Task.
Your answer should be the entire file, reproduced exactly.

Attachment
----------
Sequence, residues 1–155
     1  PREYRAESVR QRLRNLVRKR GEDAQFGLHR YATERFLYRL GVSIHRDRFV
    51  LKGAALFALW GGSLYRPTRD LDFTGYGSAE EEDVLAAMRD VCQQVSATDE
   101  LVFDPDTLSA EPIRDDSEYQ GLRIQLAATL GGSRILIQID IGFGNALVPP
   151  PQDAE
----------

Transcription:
Sequence, residues 1–155
     1  PREYRAESVR QRLRNLVRKR GEDAQFGLHR YATERFLYRL GVSIHRDRFV
    51  LKGAALFALW GGSLYRPTRD LDFTGYGSAE EEDVLAAMRD VCQQVSATDE
   101  LVFDPDTLSA EPIRDDSEYQ GLRIQLAATL GGSRILIQID IGFGNALVPP
   151  PQDAE